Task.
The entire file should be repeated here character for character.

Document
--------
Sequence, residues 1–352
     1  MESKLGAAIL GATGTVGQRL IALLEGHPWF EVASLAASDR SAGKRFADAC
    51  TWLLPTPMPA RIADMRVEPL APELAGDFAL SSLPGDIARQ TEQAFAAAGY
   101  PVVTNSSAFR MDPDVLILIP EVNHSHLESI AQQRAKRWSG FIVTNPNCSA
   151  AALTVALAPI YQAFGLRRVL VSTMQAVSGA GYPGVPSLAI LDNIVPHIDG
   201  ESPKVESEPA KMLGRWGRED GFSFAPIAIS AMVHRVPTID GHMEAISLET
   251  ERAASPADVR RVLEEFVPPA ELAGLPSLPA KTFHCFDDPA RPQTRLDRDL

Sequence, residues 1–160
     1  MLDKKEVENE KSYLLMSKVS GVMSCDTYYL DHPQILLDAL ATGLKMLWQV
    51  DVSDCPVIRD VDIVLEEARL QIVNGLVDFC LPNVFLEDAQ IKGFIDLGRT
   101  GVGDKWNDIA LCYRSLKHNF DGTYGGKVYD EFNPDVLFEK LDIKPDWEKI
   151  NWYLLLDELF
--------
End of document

Sequence, residues 1–352
     1  MESKLGAAIL GATGTVGQRL IALLEGHPWF EVASLAASDR SAGKRFADAC
    51  TWLLPTPMPA RIADMRVEPL APELAGDFAL SSLPGDIARQ TEQAFAAAGY
   101  PVVTNSSAFR MDPDVLILIP EVNHSHLESI AQQRAKRWSG FIVTNPNCSA
   151  AALTVALAPI YQAFGLRRVL VSTMQAVSGA GYPGVPSLAI LDNIVPHIDG
   201  ESPKVESEPA KMLGRWGRED GFSFAPIAIS AMVHRVPTID GHMEAISLET
   251  ERAASPADVR RVLEEFVPPA ELAGLPSLPA KTFHCFDDPA RPQTRLDRDL

Sequence, residues 1–160
     1  MLDKKEVENE KSYLLMSKVS GVMSCDTYYL DHPQILLDAL ATGLKMLWQV
    51  DVSDCPVIRD VDIVLEEARL QIVNGLVDFC LPNVFLEDAQ IKGFIDLGRT
   101  GVGDKWNDIA LCYRSLKHNF DGTYGGKVYD EFNPDVLFEK LDIKPDWEKI
   151  NWYLLLDELF